I proceeded to connect negative to black, positive to red and connected the connectors. This lead to a significant arc (100V between the battery and charger, with 2A from the charger and a metric shit-tonne of current from the battery) which welded the connector and finished off the batteries. 1 week later:

All cells are inflated, the hard-case on that one couldn't take the pressure.

I think I have learned my lesson. the next battery pack will have a few improvements:

1) Undervoltage protection either by software on the motor control or with dedicated circuitry and an in-line switching device to disconnect the battery completely to prevent damage.

2) A dedicated charging connector and mating connector on the AC charger

3) Cell balancing to greatly extend battery lifetime over multiple charge-discharge cycles

4) More capacity so I don't have to run the cells to such a low state of charge for any reasonable bike ride length.

And I'll finish this post with some updates on the near future of this project. We want to move away from the modular design and go for a more integrated solution. Ie, have the android communication hardware built into the motor control PCB. This will likely involve a bluetooth module and USB host IC to provide some phone connectivity options. Any expansion can still be done by hooking up a secondary uC to the serial port. A uC for android coms may exist on board, we are still looking in to the feasibility of doing everything in the motor control uC.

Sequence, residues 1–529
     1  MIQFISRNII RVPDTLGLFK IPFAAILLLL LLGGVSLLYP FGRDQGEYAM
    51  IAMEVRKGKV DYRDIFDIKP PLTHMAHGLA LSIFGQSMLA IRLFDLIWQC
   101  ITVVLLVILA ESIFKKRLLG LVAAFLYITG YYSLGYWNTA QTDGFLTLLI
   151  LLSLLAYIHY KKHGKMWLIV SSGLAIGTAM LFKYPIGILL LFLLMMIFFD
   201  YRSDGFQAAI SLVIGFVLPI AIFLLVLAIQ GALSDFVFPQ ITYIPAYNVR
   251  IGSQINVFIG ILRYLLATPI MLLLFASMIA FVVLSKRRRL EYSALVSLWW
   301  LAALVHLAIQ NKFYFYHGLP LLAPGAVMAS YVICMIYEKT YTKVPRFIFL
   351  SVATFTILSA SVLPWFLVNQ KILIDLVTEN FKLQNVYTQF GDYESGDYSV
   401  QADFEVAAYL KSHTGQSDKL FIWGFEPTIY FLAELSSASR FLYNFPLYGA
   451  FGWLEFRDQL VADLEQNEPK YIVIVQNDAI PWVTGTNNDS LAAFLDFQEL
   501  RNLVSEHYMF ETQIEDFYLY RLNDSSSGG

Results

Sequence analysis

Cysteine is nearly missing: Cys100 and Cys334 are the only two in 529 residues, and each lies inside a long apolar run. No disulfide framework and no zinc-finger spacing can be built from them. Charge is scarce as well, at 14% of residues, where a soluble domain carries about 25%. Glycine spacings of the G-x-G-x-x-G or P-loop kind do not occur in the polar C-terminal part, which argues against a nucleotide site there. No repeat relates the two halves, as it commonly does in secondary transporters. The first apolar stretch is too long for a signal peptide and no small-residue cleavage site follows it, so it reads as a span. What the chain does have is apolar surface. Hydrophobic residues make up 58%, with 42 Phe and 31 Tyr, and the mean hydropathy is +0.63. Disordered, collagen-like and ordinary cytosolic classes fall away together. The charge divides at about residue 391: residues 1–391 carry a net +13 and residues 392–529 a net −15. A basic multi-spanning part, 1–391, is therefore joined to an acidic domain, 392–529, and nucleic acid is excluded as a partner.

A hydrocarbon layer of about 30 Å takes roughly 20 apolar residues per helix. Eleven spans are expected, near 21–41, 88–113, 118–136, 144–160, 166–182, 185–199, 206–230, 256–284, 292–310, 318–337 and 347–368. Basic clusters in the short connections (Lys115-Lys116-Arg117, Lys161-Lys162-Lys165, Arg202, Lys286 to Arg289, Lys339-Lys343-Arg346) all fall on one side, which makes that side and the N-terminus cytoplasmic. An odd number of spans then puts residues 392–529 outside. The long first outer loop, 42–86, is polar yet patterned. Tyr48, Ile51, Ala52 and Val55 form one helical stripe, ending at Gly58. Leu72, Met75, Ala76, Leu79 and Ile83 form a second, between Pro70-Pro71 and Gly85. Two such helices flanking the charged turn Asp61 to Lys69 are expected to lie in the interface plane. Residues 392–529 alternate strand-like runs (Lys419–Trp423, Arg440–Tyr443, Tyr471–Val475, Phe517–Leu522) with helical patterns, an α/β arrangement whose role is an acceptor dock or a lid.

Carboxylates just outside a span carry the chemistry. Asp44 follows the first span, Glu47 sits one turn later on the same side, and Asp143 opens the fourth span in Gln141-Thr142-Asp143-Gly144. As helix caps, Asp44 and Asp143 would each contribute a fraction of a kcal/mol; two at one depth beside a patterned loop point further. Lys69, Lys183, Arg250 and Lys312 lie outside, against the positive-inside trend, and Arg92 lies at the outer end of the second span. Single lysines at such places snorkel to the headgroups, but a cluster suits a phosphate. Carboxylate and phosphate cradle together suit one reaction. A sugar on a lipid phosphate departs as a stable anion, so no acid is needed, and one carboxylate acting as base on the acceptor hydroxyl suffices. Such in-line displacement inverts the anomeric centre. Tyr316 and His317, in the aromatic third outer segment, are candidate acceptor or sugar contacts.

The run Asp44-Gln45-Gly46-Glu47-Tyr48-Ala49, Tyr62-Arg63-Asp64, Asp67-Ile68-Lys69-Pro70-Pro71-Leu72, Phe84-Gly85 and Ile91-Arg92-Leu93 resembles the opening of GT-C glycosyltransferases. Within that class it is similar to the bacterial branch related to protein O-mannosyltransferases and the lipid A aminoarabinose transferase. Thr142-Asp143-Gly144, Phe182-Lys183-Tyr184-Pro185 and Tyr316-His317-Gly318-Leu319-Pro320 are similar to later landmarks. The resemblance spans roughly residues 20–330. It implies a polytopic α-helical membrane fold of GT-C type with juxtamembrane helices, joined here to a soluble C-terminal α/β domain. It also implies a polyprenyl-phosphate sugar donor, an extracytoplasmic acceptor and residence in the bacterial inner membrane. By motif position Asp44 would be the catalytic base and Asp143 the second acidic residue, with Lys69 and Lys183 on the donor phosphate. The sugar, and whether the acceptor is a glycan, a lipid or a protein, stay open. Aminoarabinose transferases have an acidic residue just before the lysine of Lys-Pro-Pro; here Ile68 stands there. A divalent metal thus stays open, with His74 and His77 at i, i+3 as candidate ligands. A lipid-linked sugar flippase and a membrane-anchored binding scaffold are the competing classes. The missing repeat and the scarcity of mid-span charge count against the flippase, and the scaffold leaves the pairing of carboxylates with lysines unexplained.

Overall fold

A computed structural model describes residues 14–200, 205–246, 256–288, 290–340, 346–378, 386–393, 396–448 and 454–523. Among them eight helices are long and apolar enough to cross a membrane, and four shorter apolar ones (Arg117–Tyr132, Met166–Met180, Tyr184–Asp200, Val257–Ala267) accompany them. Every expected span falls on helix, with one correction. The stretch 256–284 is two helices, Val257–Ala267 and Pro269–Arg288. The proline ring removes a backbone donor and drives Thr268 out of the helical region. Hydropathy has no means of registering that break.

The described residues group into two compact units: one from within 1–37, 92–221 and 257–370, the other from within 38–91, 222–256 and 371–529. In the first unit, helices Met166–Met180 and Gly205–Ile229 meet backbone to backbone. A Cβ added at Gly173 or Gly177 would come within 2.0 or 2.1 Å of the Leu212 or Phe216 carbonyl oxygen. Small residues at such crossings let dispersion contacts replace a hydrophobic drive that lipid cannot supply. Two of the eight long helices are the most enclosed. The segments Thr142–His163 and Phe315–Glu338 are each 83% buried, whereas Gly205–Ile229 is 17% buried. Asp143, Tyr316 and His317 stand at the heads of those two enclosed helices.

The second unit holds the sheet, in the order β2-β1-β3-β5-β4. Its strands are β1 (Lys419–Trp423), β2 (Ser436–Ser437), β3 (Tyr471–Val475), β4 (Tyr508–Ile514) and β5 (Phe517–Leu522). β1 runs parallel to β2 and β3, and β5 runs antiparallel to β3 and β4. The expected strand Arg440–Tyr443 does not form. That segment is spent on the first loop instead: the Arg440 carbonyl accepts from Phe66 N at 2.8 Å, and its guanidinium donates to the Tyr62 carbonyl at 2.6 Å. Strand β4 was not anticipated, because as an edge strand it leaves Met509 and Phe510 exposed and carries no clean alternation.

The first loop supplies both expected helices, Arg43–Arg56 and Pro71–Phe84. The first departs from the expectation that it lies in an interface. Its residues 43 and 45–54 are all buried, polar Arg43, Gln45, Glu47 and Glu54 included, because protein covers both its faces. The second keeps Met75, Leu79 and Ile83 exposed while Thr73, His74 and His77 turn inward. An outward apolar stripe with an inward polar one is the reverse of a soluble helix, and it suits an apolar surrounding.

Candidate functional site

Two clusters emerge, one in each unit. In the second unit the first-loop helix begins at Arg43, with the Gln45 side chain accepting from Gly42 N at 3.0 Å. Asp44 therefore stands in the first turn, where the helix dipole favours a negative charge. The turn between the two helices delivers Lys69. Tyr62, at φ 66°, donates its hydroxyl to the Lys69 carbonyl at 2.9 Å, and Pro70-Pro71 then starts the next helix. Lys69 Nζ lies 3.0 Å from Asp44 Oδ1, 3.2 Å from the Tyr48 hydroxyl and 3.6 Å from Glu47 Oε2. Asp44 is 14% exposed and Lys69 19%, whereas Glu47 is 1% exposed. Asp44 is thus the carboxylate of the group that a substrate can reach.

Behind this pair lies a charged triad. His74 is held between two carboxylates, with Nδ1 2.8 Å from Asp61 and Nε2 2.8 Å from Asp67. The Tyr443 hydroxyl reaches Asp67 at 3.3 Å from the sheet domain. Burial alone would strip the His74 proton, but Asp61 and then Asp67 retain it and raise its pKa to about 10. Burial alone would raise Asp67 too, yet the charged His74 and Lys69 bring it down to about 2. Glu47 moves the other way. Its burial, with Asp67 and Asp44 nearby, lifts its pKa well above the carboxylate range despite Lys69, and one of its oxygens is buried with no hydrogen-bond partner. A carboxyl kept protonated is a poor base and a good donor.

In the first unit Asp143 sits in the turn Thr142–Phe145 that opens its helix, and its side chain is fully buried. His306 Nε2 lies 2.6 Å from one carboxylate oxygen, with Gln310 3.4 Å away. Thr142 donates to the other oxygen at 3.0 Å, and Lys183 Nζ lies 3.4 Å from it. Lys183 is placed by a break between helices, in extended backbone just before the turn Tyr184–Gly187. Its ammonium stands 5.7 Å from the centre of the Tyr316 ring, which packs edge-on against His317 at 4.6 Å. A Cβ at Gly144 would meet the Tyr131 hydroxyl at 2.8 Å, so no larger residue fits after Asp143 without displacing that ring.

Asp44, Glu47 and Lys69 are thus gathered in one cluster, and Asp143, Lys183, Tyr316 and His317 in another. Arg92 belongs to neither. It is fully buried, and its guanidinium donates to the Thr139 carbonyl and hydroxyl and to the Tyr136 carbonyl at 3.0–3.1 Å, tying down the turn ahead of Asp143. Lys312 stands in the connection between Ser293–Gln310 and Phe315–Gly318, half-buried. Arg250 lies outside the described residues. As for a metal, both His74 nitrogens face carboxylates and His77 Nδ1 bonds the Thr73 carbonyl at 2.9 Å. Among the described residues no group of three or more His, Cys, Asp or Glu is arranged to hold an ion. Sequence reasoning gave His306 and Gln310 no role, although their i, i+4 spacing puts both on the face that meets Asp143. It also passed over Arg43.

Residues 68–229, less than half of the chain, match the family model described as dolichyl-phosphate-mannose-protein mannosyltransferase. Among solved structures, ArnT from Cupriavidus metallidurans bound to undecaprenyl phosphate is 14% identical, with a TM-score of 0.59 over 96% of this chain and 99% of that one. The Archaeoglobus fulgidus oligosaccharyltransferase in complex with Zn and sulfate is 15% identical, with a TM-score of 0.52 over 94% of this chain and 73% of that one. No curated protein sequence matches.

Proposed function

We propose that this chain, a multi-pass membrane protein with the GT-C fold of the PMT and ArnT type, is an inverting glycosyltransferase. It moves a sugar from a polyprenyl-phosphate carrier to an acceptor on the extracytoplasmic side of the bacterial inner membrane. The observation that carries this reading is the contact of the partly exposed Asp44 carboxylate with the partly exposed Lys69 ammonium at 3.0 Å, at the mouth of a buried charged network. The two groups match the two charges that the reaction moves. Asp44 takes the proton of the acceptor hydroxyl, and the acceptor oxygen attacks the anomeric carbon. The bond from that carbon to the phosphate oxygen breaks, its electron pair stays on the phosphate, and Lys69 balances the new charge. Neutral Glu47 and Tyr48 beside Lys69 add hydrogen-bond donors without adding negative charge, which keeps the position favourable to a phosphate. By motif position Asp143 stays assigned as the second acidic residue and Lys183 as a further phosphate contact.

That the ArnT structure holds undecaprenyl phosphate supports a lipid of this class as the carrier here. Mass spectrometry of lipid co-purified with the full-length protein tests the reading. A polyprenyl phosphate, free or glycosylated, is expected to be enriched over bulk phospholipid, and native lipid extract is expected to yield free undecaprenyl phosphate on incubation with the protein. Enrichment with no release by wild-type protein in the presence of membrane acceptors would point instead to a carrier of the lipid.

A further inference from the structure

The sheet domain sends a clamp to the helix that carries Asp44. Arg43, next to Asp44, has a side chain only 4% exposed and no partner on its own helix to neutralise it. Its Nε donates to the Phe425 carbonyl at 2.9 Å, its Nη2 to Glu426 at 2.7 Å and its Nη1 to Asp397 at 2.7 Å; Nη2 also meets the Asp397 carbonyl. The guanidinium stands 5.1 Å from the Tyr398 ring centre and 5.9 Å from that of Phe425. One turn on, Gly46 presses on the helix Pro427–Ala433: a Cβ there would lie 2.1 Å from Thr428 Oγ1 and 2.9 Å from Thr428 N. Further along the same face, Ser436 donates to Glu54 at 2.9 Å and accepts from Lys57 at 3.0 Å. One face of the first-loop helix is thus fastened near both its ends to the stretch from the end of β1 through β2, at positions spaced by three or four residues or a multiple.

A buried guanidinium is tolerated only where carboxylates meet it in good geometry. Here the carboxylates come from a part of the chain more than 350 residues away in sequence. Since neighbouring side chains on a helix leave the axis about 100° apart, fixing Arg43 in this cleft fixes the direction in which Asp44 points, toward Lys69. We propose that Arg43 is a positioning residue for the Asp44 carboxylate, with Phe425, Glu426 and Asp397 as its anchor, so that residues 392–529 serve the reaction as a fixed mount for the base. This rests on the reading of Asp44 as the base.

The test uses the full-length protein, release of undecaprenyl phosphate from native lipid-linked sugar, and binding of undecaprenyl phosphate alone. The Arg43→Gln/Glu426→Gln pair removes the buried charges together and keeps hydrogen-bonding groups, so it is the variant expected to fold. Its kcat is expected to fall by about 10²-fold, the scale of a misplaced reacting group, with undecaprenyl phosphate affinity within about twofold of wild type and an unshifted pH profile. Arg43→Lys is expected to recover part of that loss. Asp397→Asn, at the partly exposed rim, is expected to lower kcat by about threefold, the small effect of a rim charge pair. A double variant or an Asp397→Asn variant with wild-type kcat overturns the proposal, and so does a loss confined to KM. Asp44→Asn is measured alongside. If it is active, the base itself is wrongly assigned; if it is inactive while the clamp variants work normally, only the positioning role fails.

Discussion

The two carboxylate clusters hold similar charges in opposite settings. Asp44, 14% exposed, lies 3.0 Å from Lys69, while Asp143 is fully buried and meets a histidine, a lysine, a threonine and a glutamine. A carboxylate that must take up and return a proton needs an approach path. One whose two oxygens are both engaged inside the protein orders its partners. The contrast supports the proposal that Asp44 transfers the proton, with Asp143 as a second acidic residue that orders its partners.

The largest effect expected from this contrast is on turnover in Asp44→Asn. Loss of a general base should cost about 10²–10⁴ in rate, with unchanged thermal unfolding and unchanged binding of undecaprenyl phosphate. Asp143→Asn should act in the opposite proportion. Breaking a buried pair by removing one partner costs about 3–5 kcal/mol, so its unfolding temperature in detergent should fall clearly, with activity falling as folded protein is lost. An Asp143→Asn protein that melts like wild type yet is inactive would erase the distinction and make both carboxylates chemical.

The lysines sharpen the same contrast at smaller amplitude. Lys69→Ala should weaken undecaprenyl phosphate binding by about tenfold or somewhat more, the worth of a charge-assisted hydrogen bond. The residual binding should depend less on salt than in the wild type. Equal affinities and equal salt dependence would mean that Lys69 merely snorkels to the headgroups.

Mechanically the bike used for testing will change significantly. I'm thinking of going towards hub motors just for practicality. They tend to be more reliable, quiet and less obvious. plus are already designed and tested for high power ebikes. So the motor control will have it's own printed enclosure. batteries will live on a panier rack. the battery management will be on it's own PCB(s?) and live with the batteries.


DeepSOIC wrote 12/03/2015 at 19:44 point

I wonder, why are they even sold with no fuse built-in? Or maybe there is one in each cell... 
I own a couple of similar batteries, and they have no fuse either. With the amount of current they can output, that makes them scary as hell.

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DeepSOIC wrote 12/03/2015 at 19:40 point

Yeah, the state of charge might have been the thing that killed it.

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DeepSOIC wrote 12/03/2015 at 12:25 point


I highly recommend you put a fuse on the battery. That can easily save the batteries if you happen to short-circuit them, like you did when connecting them to a charger in wrong polarity. As well as wiring and connectors. Also, shorting Li-ions can potentially make them ignite. 

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Jarrod wrote 12/03/2015 at 18:54 point

I have an in-line fuse with the controller but you are right, protection on the battery is a better idea. It wouldn't have saved these batteries though, I think it was the state of charge, the short circuit just topped it off. 
The new battery pack I'll be using came with a BMS which prevents over/under voltage and over current as well as balancing functionality while charging.